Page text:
FALMOUTH — The School Board’s policy committee presented has completed first drafts of five proposed drug and alcohol policies.
The committee’s goal is for the board to conduct first readings of the revised policies later this month and in March.
According to Chris Murry Jr., chairman of the policy committee, five different policies are being drafted in the hope that they will work together to help students make appropriate choices about drugs and alcohol.
“(It’s) a packaged approach, not just one policy,” Murry said. “It’s five policies that work together to create culture change.”
The policies, presented to the board on Feb. 5, are broken down into three different categories. Two of the policies deal with substance use on school property or at school-sponsored events, while two others address substance abuse surrounding co-curricular and extra-curricular activities. The final part of the package is a revision to the student code of conduct.
“We are trying to articulate those qualities and behaviors and attitudes that we expect out of our students to help foster young adults into productive citizens,” Murry said.
There has been one major change to the policy since public forums on the topic began early this year. Murry said the question of determining if students are “knowingly present” when drugs or alcohol are consumed – even they do not consume – is not on the table.
“It doesn’t really allow us to fulfill our role as an educational institution to be using Facebook to find out what happened on Saturday night,” he said.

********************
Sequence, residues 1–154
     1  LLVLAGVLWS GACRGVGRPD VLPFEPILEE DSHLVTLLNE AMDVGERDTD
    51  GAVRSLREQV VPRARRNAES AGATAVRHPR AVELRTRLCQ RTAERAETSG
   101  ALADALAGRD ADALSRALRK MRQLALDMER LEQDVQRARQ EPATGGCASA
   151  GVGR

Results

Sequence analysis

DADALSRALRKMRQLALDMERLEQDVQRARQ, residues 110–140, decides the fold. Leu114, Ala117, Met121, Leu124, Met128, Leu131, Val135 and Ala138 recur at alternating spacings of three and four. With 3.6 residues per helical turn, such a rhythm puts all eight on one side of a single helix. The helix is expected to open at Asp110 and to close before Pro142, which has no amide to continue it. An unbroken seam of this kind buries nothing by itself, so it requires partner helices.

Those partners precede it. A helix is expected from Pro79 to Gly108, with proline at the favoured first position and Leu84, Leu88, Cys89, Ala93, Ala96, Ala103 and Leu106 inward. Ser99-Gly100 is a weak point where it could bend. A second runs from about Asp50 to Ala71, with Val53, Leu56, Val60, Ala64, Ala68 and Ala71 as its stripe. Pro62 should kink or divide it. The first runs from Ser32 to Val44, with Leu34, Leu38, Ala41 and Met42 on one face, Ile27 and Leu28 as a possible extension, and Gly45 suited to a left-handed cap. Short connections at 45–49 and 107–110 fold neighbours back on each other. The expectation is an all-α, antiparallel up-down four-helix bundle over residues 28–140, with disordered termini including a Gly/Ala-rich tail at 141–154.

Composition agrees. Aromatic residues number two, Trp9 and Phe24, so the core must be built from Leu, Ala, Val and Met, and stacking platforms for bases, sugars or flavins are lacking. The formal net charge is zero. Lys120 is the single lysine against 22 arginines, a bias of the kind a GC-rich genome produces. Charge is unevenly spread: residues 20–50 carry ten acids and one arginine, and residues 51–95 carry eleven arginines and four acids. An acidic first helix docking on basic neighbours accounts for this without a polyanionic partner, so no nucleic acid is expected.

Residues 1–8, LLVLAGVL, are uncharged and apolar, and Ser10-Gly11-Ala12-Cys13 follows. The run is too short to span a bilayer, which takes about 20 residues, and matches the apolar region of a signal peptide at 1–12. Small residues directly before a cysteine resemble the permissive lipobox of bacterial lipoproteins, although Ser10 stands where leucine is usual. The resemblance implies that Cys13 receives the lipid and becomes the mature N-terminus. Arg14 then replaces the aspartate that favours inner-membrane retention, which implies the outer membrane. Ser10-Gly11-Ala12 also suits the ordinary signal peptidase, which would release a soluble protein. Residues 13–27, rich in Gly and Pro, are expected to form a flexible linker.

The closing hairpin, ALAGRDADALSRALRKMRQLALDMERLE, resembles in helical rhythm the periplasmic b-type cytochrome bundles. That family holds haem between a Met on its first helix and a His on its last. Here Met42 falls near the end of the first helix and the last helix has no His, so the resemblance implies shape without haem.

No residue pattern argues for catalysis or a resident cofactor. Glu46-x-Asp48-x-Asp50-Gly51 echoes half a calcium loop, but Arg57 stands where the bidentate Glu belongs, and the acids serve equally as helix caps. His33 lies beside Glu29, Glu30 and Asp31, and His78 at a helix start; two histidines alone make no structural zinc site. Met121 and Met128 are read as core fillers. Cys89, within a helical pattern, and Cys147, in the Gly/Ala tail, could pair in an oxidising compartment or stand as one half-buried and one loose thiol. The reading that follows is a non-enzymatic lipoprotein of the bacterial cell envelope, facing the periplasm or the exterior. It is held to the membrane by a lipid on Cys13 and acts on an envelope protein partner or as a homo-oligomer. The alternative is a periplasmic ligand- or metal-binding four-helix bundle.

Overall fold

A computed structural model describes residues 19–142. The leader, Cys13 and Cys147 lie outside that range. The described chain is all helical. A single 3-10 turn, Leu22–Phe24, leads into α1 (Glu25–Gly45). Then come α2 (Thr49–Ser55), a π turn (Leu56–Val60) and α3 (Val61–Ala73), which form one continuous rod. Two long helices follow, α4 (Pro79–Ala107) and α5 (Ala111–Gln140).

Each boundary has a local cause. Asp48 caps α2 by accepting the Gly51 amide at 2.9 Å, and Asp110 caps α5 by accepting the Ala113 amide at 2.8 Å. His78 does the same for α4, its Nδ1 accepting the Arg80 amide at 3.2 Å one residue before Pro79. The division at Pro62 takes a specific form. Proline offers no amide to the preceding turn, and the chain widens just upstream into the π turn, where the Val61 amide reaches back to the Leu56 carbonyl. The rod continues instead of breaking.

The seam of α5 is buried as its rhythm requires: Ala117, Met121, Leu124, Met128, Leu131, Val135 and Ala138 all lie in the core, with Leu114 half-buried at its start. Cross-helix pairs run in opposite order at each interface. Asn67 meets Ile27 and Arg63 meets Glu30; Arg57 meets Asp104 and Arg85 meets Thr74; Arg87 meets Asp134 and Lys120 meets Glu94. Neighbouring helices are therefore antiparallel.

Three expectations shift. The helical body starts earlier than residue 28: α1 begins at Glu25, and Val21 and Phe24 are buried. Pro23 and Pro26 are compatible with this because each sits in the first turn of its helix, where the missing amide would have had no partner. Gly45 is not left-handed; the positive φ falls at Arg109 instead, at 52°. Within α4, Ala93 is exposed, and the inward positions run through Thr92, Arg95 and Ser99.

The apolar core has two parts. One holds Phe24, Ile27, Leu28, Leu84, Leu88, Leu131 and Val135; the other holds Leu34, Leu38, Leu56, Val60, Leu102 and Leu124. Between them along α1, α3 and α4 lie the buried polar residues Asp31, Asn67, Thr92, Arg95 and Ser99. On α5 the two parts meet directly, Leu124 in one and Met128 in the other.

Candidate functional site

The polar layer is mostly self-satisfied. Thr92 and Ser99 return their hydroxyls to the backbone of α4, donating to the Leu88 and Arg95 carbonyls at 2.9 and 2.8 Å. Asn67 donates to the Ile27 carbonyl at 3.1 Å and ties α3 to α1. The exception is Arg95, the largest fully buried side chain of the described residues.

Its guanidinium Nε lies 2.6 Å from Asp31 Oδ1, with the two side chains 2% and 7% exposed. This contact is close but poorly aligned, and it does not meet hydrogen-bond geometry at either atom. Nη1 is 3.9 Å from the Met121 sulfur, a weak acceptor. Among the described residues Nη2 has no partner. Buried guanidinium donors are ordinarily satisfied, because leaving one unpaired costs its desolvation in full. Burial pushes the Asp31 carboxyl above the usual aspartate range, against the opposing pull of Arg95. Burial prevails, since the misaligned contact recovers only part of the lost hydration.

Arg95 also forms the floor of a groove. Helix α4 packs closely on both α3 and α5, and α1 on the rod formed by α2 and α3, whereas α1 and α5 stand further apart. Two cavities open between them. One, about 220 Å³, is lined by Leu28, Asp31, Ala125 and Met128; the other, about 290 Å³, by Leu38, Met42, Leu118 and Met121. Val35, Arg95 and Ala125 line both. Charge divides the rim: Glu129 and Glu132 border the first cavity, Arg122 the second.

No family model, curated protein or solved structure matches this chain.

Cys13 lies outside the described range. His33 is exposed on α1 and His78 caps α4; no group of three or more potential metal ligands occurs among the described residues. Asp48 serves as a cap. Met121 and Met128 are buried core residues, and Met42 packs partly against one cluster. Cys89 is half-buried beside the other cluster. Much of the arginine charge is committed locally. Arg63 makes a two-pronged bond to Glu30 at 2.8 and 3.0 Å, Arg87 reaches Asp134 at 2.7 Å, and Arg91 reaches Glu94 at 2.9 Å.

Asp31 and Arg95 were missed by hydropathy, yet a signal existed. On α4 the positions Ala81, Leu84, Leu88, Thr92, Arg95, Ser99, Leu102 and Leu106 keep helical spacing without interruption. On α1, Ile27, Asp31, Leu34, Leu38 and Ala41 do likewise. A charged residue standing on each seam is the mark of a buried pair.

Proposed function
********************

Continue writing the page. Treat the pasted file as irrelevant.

The policy changes will give students a clear pathway, Murry said, either taking a “severe penalty” or entering into a contract with the schools that could shorten a suspension or change the number of contests being missed (in the case of athletes) while adding community service or potential counseling.
Murry said the contracts are a way for the district to work with students to customize their punishment in order to ensure they are making safe, legal and ethical choices. He said this customization is akin to the way a parent might discipline different children and it is something not often seen in school policies.
“If you equate it to parenting, you don’t discipline kids the same way, there isn’t standardization … you have to customize what the penalties are,” he said. “We are rejecting a straight, cookie-cutter way because it clearly has not worked in the past.”
He said it is important for the public to understand that the issue of drug and alcohol use among students is not a Falmouth-centric issue, but is being seen around the state and the country. School boards need to do their due diligence to keep students engaged in healthy behaviors, he added.
Murry said there aren’t any major changes remaining in the wording of each policy; only small details that outline the philosophical statement the board hopes to make that need work.
“We are not trying to legislate behavior,” he said, “but to incorporate what we expect into policy in a clear way.”